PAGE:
The 16-member U.S. Preventive Services Task Force released its new recommendations on mammograms two days ago -- and the resulting firestorm has yet to die down. Doctors and patients are expressing outrage that a government panel would dare adjust the mammogram guidelines. The current standard recommends annual screenings for women 40 and older; the revised recommendations push that age out to 50 and recommended screenings every other year.
In a response that was typical of many in the medical profession, Dr. Daniel Kopans, head of breast imaging at Massachusetts General Hospital, said, "I think it is outrageous to reduce costs by taking away a test that is saving lives and saving a large number of lives."
But the recommendations aren't for taking away the test, only changing the guidelines for when testing should begin.
In addition, while there is no question that mammograms save lives, there is a very real debate about the cost incurred in screening all women every year between the ages of 40 and 50.
"Every medical care system in the world has a concern about not paying for things that shouldn't be done," said professor Theodore Marmor, a health care policy specialist at Yale University.
False Positives for Younger Women
Statistics from the National Cancer Institute show that the risk a woman of 40 will be diagnosed with breast cancer before she turns 50 is relatively low – less than 2 percent. But the false positive rate for those same women is relatively high – 50 percent higher than women in their 50s.
And those women are likely to undergo further, more expensive, procedures -- only to find out they are, in fact, healthy.
"Although screening every woman between the ages of 40 and 50 would turn up some breast cancer…the question is what is the cost per diagnosis per relevant harm," said Marmor.
If that calculus sounds cold, it shouldn't. That kind of cost-benefit analysis is, in fact, already routine in the health insurance industry.
"The question is going to be, between the ages of 40 and 50, what is the frequency with which you are going to find a true positive cancer finding, how many cases would we miss, how many of those cases would develop into cancer and what is it going to cost to treat them," said Ian Duncan, president of Solucia, a company that provides actuarial health care analysis for insurers.
But some have cited that the new research does not consider the impact of newer technologies in breast cancer screening. The authors themselves admit that the recommendations were limited because "studies of older women, digital mammography and magnetic resonance imaging are lacking."
Digital mammograms are 1.5 to 4 times more expensive than conventional film-based mammograms, according to the National Cancer Institute, which also reported in 2005 that only 8 percent of the country's breast imaging units provide the technique.
But digital mammograms are thought to be more effective at screening women in their 40s. The NCI points to a large clinical trial in 2001, which showed digital mammography was sensitive enough that it performed "significantly better in screening women ... under age 50."
Mammogram Debate: Is Money Behind It?
Duncan explained that mammograms are considered a value-based benefit because they are preventative in nature and relatively low cost – about $125 per exam.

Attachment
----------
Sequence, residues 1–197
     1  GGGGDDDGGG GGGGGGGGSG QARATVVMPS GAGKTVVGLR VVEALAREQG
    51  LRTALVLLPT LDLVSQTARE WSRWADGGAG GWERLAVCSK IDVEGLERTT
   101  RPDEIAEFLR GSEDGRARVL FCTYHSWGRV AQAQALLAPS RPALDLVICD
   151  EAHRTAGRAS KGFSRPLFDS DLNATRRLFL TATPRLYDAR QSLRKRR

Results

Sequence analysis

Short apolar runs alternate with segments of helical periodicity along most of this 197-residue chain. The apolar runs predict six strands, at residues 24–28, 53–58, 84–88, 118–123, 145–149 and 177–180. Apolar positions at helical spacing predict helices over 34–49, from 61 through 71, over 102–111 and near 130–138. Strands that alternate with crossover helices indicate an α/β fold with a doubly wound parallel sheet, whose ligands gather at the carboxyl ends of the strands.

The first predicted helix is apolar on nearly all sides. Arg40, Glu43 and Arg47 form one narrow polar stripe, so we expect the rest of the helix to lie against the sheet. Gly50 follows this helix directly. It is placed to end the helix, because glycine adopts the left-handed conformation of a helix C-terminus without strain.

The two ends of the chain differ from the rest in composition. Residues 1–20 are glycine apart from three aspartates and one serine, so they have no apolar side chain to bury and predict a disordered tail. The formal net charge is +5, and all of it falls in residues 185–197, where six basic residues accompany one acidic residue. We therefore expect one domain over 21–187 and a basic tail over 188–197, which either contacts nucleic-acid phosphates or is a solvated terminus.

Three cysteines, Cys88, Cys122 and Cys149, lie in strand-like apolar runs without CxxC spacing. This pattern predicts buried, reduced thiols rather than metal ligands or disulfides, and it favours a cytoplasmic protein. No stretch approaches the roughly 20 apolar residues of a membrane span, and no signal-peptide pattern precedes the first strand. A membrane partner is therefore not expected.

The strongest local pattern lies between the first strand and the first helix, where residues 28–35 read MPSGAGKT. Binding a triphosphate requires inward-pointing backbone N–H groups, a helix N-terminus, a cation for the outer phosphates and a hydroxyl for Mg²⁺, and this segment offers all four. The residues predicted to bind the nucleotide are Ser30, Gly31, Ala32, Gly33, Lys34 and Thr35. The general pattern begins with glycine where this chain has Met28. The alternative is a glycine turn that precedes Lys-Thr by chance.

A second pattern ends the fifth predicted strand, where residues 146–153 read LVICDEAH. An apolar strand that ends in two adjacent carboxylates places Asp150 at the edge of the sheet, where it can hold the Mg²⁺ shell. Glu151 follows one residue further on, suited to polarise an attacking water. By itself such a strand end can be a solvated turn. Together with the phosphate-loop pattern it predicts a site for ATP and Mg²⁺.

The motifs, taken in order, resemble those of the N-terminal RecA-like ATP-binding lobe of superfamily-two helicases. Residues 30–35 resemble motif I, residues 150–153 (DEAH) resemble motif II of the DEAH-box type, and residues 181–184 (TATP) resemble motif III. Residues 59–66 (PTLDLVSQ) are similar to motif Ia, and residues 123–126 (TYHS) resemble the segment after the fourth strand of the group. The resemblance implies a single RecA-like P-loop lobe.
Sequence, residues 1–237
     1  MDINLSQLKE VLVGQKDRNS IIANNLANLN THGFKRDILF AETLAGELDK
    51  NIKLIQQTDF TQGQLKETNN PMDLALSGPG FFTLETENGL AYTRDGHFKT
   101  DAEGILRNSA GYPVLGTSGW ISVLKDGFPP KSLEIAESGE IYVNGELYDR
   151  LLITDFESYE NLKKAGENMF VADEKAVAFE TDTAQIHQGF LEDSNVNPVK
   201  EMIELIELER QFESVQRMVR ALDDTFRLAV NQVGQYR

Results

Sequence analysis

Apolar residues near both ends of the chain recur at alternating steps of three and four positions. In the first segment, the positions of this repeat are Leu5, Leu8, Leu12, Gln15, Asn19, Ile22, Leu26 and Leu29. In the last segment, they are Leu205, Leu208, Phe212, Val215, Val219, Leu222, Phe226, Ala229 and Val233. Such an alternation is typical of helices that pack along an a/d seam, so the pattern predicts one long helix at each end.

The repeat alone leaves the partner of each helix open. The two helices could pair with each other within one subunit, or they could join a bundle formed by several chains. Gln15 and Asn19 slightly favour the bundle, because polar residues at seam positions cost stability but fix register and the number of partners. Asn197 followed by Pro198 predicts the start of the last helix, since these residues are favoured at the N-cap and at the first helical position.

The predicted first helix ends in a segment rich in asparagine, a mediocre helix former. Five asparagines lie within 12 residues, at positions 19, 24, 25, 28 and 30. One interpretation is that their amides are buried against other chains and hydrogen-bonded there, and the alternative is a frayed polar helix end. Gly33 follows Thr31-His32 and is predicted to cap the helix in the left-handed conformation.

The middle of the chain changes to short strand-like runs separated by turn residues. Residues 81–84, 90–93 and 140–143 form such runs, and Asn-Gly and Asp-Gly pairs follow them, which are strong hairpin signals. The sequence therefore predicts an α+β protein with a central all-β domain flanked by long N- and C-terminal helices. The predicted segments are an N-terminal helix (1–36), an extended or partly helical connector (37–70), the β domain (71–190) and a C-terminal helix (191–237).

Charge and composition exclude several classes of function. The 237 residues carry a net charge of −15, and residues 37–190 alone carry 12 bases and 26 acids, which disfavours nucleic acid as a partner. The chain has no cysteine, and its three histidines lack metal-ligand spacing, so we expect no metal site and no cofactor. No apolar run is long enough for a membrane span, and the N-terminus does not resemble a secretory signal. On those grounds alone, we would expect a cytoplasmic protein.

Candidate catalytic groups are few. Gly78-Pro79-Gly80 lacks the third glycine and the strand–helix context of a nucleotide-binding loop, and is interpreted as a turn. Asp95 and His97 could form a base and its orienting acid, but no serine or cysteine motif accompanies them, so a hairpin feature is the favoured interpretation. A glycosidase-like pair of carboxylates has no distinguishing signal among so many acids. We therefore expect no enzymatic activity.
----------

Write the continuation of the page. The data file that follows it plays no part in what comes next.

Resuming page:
He compared mammograms to diabetes drugs. Insurance companies pay for them, and thus increase the "utilization" -- the frequency that people use them – but they do this in the belief that, down the road, it will eventually reduce disease and, therefore, medical costs. Mammograms should reduce the need to pay for expensive cancer treatments later.
But talking about costs instead of clinical practices has taken on a new and ominous tone in light of the push for health care reform.
"I definitely think this is the beginning of rationed care and I am very upset that women are the first to get slammed with this," said Dr. Elizabeth Vliet, a women's health care specialist based in Tucson, Ariz., and an ardent opponent of health care reform. "I think that this change is designed to cut costs, not improve women's health."
But that fear may be unwarranted. Duncan said many private insurers may take the political hornets' nest into consideration and "leave the coverage where it is." Or insurers might propose a compromise: "We will move the official standard to age 50 but we will be fairly liberal in allowing physicians to come in and argue for coverage on behalf of their patients."
In addition, Health and Human Services Secretary Kathleen Sebelius issued a written statement Wednesday that emphasized the members of the panel "…do not set federal policy and…don't determine what services are covered by the federal government."
Sebelius' statement continued: "My message to women is simple. Mammograms have always been an important life-saving tool in the fight against breast cancer and they still are today. Keep doing what you have been doing for years -- talk to your doctor about your individual history, ask questions, and make the decision that is right for you."
Still, despite the desire for damage control, many warn that mammograms have already become "the new death panels." And that is disheartening to people like Marmor, who say a discussion of care and cutting costs can take place together.
"People are holding up the standard of medical care that any medical treatment that does any good for anybody cannot be denied," he said. "That is a ridiculous standard."
And a costly one.